Congress created the forgivable loan program last March to help hard-hit small business owners who had to close their doors because of state and local pandemic lockdown measures. The first round of loans was slow to reach the smallest businesses and those without an existing relationship with a lender may have missed out.
The first program closed in August, but lawmakers added funding in December and reopened the program so that owners could apply for a second loan. Congress targeted the new loans to those with fewer than 300 employees that have seen drops of at least 25% of their revenue during the first, second or third quarters of 2020. Lawmakers also carved out $12 billion for minority-owned businesses.
Since the program reopened, about $134 billion has been lent to 1.8 million small business owners. About half of the funds allocated in December remain and will be available through March 31.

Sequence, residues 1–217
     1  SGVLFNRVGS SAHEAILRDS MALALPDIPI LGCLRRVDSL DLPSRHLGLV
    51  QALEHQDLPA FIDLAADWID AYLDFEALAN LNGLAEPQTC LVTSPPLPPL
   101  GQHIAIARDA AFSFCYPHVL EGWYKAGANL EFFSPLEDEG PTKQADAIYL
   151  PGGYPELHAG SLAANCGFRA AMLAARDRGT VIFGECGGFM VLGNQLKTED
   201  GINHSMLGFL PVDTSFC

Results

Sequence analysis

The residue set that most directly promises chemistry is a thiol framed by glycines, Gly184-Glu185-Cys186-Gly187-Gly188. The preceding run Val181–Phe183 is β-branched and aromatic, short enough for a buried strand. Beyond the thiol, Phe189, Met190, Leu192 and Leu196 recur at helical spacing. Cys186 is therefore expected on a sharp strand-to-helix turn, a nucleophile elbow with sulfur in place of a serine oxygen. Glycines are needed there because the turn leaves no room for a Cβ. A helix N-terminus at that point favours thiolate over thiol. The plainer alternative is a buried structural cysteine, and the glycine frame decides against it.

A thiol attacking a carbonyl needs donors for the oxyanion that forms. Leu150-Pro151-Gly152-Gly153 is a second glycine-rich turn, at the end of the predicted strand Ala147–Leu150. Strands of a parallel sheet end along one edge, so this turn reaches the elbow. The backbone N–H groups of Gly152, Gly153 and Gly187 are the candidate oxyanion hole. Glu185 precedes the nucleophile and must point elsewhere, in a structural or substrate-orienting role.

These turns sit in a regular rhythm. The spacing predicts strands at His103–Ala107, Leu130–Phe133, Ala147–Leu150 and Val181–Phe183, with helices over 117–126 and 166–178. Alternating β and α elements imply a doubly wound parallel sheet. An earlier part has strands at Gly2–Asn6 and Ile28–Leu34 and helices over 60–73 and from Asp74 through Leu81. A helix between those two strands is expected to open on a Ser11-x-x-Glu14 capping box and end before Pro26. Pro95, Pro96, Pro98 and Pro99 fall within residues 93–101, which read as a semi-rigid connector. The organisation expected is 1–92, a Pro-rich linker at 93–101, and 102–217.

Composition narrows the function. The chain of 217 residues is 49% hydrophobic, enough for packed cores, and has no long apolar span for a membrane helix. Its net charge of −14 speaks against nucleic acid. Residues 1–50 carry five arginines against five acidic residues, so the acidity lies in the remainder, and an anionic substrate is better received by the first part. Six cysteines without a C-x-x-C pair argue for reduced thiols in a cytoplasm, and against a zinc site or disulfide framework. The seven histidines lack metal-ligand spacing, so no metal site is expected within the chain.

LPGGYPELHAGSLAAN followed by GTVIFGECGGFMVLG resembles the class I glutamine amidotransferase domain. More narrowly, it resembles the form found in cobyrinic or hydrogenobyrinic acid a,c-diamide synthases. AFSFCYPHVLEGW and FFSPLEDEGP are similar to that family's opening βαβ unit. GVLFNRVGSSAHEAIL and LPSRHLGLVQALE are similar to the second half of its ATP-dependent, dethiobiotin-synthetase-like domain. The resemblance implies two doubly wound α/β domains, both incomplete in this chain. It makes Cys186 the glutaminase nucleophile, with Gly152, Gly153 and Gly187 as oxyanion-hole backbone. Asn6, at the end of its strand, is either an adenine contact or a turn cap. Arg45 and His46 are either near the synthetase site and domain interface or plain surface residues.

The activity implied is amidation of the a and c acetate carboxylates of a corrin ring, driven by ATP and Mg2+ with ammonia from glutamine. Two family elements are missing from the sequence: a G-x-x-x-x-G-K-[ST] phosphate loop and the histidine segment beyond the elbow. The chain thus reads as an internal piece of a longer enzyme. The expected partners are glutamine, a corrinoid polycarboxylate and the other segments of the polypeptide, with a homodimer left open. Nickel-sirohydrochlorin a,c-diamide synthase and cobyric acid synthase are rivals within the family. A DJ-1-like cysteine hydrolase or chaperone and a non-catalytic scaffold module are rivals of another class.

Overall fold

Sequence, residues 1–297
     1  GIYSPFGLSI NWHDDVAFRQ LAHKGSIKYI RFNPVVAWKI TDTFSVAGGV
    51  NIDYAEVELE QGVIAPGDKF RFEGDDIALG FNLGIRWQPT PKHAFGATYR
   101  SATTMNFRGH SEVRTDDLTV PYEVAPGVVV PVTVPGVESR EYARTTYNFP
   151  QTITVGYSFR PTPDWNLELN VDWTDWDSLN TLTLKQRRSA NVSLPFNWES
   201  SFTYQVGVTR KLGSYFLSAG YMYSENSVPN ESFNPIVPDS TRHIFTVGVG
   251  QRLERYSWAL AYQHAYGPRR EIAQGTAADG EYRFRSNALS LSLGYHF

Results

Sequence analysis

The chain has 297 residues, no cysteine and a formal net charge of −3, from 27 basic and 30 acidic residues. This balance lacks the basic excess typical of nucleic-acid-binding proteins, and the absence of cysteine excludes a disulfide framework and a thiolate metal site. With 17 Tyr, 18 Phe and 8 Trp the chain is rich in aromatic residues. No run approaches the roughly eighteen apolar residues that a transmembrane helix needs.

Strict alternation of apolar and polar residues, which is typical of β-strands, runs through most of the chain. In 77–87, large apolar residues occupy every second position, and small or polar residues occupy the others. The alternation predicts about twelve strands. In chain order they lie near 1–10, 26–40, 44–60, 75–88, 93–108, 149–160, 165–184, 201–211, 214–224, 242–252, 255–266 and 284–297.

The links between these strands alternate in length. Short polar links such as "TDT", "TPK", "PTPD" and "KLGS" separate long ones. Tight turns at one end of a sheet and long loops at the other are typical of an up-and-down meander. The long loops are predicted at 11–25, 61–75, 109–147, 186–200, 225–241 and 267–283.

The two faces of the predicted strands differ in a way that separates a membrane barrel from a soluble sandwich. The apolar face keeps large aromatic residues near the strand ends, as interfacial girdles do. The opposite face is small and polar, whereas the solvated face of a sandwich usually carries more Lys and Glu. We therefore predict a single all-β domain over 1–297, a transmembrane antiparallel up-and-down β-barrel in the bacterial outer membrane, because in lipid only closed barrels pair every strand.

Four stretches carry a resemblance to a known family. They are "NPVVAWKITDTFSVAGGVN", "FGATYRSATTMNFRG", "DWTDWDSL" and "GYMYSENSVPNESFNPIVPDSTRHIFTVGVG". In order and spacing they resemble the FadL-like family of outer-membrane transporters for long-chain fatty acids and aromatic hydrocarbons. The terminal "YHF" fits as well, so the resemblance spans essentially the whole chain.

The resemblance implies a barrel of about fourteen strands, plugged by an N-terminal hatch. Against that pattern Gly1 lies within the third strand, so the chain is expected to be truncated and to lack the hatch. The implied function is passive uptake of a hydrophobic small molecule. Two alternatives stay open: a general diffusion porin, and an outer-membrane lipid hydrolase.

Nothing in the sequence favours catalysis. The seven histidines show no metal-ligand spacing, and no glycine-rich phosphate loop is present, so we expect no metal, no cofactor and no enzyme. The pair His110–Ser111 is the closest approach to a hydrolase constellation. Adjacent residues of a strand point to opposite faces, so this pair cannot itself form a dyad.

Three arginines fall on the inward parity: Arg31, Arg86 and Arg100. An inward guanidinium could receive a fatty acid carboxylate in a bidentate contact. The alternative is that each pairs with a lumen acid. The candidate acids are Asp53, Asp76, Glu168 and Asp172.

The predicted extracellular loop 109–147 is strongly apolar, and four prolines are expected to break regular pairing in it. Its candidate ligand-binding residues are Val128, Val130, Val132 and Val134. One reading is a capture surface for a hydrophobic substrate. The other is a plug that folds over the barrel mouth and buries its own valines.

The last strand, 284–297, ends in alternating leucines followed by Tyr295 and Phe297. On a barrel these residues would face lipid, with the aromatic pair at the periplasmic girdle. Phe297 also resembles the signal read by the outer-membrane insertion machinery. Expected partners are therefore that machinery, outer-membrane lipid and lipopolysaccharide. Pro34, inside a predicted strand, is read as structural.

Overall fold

More money on the table
The Democratic-backed relief bill making its way through Congress would add $7 billion to the program and would make more non-profit organizations eligible.
Another $175 million would be used for outreach and promotion, creating a Community Navigator Program to help target eligible businesses.
The bill would also provide $15 billion to the Emergency Injury Disaster Loan program, which provides long-term, low-interest loans from the Small Business Administration. Severely impacted small businesses with fewer than 10 workers will be given priority for some of the money.
It also provides $25 billion for a new grant program specifically for bars and restaurants. Eligible businesses may receive up to $10 million and can use the money for a variety of expenses, including payroll, mortgage and rent, utilities and food and beverages.
CNN's Arlette Saenz, Nikki Carvajal and Devan Cole contributed to this report.